Book Review - The Gardener’s Year
An excellent piece of work from arguably the UK’s most well known gardener.
Author: Alan Titchmarsh
Publisher: BBC Books
Every gardener needs some inspiration for time to time, a helping hand to point them in the right direction when the way forward seems unclear. This book from Alan Titchmarsh has been written with the aim of guiding us gardeners through the gardening year, helping us to do different jobs at the correct time and suggesting new ideas for different months that might not have crossed our minds before.
In his introduction to The Gardener’s Year Alan begins by explaining his aims for the book. ‘It’s designed to be a comfort, not a nag, simply someone by your side advising you what to do, when, how and why.’
The introduction also stresses the importance of our changing climate and how it is affecting our gardening year. The reader is encouraged to consider some flexibility to some of the recommended timings for doing specific seasonal tasks.
Alan also mentions his preference for organic pest and disease solutions throughout his book.
Following the introduction, the main bulk of the book is split into month by month chapters. Each chapter starts with a full-page colour photograph of a garden scene for the given month. This is accompanied by a written summary of the weather to expect, the types and groups of plants that are traditionally at their best in the given month and a summary of the jobs to do.
Following this introduction to each chapter, there is a comprehensive guide to the groups of plants performing at their peak in the month. Details of specific species and cultivars follow with dimensions, cultivation requirements and colour photographs.
Each chapter continues with an excellent one-page, concise checklist of the tasks to be done in the garden for the month. This is ideal for people that don’t have time to read the whole chapter, it is a quick reference guide for busy people.
Each checklist also includes a Watch out for section, highlighting pests and diseases you are most likely to come across in the month. There is a Get ahead section suggesting jobs that you can move on if you finish all the recommended work for the month. A Last chance section lists the jobs that you are running out of time to do.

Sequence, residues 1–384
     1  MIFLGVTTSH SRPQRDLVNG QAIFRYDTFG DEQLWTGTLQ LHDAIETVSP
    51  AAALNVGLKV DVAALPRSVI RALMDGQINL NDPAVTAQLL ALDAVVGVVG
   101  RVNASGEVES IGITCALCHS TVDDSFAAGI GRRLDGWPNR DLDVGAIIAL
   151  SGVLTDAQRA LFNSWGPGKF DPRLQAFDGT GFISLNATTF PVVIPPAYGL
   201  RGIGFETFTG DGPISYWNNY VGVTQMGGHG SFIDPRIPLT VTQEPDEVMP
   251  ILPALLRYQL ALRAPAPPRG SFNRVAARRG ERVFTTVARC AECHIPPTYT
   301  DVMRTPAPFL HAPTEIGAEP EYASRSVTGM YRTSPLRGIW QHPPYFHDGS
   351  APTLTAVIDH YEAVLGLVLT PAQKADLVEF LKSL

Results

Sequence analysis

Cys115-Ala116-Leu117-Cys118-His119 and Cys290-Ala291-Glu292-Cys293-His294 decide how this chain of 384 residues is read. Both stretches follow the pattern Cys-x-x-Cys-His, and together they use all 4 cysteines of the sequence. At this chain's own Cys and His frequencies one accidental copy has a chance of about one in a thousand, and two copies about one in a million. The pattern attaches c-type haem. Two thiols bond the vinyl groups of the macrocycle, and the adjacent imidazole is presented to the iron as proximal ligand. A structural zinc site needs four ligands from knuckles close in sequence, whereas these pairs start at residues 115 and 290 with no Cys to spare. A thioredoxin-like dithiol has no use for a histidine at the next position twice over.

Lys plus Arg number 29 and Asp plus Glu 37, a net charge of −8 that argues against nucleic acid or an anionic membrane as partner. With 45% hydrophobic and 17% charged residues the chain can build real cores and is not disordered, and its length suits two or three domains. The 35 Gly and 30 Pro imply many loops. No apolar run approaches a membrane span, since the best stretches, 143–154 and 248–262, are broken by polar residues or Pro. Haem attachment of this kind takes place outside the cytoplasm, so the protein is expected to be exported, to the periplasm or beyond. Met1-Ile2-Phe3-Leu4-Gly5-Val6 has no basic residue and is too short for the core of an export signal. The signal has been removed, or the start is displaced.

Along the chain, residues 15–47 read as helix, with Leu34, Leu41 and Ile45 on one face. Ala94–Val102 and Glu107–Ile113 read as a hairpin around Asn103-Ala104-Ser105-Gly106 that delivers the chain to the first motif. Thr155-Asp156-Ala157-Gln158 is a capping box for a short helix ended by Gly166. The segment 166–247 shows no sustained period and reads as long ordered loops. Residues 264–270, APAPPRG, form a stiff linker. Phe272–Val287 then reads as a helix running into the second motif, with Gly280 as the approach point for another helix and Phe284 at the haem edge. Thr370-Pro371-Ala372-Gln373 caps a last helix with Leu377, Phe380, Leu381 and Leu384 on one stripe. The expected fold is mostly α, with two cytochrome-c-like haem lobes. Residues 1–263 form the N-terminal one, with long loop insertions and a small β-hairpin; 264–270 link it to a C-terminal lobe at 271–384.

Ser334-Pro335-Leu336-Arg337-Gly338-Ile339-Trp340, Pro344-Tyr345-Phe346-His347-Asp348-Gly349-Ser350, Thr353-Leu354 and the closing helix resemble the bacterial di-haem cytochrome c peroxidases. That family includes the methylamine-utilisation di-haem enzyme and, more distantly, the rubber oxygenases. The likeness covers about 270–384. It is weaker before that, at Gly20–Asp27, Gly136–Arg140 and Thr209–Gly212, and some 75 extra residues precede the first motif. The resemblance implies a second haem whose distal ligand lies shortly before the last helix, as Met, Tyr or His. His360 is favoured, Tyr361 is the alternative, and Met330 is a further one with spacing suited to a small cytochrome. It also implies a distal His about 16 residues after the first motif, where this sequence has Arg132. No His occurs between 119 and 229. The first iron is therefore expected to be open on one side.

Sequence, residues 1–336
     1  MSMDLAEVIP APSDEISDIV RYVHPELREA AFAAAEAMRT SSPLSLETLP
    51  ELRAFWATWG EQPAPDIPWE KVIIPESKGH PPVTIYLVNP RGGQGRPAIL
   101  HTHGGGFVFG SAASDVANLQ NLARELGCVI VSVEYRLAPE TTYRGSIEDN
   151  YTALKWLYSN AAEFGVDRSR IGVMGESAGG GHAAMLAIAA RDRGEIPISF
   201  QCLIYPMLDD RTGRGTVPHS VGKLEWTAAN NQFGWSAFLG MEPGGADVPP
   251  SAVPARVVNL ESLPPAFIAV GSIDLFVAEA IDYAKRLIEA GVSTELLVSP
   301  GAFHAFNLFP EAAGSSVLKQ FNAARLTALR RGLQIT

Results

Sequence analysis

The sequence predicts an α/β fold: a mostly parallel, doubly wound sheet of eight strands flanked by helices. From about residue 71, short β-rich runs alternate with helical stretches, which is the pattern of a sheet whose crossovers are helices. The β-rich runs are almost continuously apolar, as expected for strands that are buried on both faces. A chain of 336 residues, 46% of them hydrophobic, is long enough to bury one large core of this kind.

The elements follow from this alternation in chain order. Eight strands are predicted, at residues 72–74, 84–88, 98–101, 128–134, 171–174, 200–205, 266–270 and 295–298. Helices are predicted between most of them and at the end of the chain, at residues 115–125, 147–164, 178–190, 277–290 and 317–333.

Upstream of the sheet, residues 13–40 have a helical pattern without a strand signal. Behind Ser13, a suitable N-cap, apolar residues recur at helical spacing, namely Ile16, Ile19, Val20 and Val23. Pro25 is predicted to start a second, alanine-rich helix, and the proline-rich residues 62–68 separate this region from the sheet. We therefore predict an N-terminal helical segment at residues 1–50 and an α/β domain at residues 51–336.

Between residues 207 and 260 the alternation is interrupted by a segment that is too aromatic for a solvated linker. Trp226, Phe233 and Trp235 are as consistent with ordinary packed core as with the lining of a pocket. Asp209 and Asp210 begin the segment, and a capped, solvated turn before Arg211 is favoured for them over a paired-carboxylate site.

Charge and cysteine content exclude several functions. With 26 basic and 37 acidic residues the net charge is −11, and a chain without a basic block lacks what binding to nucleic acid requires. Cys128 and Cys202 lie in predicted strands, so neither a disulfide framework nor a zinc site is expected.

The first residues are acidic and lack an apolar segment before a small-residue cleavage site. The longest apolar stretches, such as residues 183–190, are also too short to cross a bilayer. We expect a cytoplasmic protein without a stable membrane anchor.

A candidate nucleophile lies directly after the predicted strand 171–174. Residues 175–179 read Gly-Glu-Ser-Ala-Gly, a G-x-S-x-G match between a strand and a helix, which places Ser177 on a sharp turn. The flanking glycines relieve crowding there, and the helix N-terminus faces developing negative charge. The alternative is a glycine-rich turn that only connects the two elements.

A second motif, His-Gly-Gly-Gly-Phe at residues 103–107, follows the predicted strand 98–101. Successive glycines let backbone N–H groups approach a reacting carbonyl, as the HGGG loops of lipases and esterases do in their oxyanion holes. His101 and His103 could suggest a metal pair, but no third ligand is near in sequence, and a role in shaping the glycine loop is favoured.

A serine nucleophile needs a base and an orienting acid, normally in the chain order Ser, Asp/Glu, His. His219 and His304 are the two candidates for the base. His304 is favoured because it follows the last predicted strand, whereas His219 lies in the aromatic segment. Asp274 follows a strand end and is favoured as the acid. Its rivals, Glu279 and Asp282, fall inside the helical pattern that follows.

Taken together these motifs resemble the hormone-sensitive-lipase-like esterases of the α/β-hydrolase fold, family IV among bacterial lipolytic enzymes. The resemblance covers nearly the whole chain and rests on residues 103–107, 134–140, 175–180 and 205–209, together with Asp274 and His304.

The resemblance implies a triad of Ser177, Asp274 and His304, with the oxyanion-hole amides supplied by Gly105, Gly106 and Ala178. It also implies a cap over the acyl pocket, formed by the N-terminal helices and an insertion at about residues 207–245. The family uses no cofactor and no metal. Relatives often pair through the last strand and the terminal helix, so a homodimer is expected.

The at-a-glance checklist is a summary of what follows in much more detail throughout each chapter; a very comprehensive guide to all of the jobs relevant to the month. They are split into subsections that include Lawns, Trees Shrubs and Climbers, Flowers, Patios and containers, Vegetables and herbs, Fruit, Under cover, and Water Garden.
At the end of each chapter, there is a full page Project section. Each project has been carefully thought out with the particular month in mind. Each project has a large colour illustration and full practical instructions and considerations. They have quite obviously been written by somebody who has actually completed the project themselves because there are problem solving considerations included such as How much pond liner?; a simple method for calculating the amount to purchase.
Alan Titchmarsh also thinks about the average gardeners priorities when choosing his monthly project. The July project for example gives the reader instructions for creating an emergency watering system that can be used whilst taking a summer holiday.
Gardening Guru’s Verdict
There will always be occasions when any keen gardener is stuck for ideas and needs some inspiration, this book is an excellent one to reach for, providing comprehensive advice on what needs to be done during every month of the gardening calendar plus offering lots of new ideas. An unlikely but excellent tool for any keen gardener.
This book was reviewed by George Munford.